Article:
From the first few scenes of Rosie Perez feverishly dancing over Public Enemy’s “Fight the Power” to the scene in which Radio Raheem, a towering young Black man with Love and Hate tattooed on each hand, gets choked out by the police for refusing to turn down his ghetto blaster at request of Sal, the Italian American pizza shop owner to the powerful final scene when  Mookie throws a trash can into Sal’s Famous Pizzeria, the entire film served as reminder that despite our best efforts to co-exist peacefully together, there lingers inevitable chaos. A chaos that has resulted from our inability to deal with and address issues around race and power.

No better landscape in the flick illustrates that more than the scene where five characters, all belonging to different racial and ethnic groups, turn directly to the camera and furiously spout off a laundry list of racial slurs, stereotypes and generalizations, ultimately leaving us, the viewers, wondering what just hit them and yet scratching our heads, wondering about if the stereotypes are exceedingly untrue than why do we still hold on to them?

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  • Sue

    I’m ready!

  • Love_Sexy

    Not a fan of Spike Lee but I wish him the best with getting his movie out to the public.

  • Gmarie

    If you promote it, the people WILL rally behind it. They’d better, with the energy they’ve spent rallying AGAINST Tyler Perry. This sounds like a promising plot line, I’m interested in seeing it. But again I cannot stress enough how much we need to begin self promoting our projects, making sure WE know about them so that we can support them. I urge madamenoire and any other media outlet geared towards the black consumer to keep us informed…on something not relating to the Kardashians.

  • Pingback: Are we ready for a sequel to ‘Do the Right Thing?’ | POLITICAL MOSAIC

  • LadyLark

    Love Hate: they weren’t tatted, they were 3 or 4 finger gold rings.

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  • Lola21

    Yea Mookie and Radio Raheem !

  • naija queen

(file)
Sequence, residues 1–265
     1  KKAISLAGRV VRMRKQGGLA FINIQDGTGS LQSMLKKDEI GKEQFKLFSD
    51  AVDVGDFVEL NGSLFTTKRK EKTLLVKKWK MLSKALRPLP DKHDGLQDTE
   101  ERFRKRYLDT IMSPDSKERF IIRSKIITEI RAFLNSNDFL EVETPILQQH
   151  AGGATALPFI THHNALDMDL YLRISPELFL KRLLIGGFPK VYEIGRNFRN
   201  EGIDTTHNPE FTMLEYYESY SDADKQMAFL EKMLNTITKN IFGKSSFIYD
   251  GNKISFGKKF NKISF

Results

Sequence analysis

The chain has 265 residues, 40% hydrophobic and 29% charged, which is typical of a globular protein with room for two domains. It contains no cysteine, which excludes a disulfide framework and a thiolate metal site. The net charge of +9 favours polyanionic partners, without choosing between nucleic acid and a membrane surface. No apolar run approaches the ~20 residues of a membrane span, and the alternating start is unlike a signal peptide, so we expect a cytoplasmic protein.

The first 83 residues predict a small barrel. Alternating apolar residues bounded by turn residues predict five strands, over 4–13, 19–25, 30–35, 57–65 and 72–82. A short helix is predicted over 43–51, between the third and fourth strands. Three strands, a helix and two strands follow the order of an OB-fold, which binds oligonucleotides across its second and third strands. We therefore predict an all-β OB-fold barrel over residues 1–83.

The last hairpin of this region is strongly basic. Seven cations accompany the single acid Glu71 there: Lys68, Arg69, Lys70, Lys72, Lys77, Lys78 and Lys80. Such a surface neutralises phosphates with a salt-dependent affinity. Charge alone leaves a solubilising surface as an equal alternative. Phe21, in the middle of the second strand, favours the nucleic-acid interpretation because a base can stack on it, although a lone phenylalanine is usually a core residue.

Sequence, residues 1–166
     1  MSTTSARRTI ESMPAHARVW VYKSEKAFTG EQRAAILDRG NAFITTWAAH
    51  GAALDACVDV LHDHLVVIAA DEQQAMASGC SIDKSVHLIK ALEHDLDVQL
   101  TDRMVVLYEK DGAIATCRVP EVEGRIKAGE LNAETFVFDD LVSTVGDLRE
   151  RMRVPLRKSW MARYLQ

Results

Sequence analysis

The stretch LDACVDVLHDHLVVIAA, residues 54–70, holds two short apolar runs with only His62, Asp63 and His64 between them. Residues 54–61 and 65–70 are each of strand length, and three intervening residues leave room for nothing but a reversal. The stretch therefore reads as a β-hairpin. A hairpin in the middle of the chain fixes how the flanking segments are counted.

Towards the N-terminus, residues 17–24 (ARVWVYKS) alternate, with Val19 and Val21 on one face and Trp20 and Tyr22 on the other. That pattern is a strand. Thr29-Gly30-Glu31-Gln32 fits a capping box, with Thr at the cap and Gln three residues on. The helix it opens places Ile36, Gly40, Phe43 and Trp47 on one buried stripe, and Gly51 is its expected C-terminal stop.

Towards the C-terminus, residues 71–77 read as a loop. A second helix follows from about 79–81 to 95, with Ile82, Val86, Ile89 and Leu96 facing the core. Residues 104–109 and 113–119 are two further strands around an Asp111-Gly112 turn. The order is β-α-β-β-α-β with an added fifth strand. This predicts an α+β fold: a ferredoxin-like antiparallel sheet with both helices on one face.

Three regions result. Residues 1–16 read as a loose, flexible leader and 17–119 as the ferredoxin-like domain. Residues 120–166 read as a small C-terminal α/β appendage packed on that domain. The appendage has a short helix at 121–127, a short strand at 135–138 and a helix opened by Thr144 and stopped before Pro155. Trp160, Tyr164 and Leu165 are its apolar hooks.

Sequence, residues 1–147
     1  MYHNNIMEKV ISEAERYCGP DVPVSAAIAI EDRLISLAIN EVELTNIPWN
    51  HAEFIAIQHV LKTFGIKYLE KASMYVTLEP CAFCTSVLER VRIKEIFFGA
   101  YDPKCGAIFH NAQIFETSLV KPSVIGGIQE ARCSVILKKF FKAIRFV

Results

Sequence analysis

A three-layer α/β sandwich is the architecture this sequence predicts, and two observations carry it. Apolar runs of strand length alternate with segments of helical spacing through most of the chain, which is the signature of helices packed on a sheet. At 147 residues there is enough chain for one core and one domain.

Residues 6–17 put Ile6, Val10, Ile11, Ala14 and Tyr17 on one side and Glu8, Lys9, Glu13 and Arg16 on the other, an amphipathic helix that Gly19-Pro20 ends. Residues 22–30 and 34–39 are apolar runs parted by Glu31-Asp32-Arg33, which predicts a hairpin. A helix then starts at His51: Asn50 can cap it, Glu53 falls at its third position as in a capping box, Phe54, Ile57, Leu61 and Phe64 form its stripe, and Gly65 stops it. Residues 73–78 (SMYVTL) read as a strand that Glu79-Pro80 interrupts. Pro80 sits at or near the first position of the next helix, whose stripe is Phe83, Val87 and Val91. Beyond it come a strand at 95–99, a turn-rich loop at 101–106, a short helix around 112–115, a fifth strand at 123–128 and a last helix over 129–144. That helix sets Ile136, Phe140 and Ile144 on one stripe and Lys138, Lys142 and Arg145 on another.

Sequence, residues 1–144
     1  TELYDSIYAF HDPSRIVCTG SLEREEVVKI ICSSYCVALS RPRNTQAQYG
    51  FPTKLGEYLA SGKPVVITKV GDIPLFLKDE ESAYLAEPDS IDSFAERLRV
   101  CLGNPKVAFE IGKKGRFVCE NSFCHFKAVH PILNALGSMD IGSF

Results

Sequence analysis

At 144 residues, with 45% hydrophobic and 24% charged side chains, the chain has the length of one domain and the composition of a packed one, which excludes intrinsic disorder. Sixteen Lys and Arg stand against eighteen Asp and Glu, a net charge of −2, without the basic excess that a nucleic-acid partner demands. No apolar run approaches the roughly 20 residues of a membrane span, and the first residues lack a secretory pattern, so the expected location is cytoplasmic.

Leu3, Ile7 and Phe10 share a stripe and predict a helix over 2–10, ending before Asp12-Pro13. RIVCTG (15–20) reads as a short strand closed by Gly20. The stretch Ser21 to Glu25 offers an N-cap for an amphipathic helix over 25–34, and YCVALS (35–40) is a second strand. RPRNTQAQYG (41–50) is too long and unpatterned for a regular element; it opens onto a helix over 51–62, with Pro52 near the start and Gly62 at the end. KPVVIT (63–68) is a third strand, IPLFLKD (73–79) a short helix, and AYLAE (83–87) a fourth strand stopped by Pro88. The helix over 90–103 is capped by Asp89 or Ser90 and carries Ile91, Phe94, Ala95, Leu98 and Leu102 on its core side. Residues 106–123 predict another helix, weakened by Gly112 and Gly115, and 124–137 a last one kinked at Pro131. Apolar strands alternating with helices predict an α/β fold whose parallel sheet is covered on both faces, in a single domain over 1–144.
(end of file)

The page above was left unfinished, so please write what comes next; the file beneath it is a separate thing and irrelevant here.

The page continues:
Spike Lee joints raised me!

    • Madametroisaka

      Damn Skippy!

    • Redvelvet321

      ditto!

  • Fasho

    I so can’t wait to see this. I would rather see this than Red Tails. I believe Lucas played the I am a rich white man card trying to save black cinema to fill his own pockets. We do whatever we are told to do. Like you said if Lee said we have to support our own, no one is trying to hear that. He would probably have to get the likes of Jay Z to put a seal of approval for people to go see this.

    • Ms_Sunshine9898

      George Lucas has a black wife so she probably helps him relate to the black experience. So what if the man is white, if he can put race aside to find inspiration in black history, then what’s the problem? If more white people cared enough about black history enough to actually want to make more movies with an all black cast, more black actors and actresses would get a chance to have their shine.  Furthermore, the article said clearly that Spike Lee is keeping his own movie under wraps by choice. I can’t support a movie I don’t know about that he taking to a festival where he looking for “some white studio” to distribute. Pariah is a black movie coming out and many black people want to see that. We always want to see good movies made by our people. Hmmm, think about that. . . You’re worried about the wrong thing. . .

      • Love_Sexy

        I did not know G. Lucas had a black wife I thought he was just dating her?………Anyway I agree with your comment.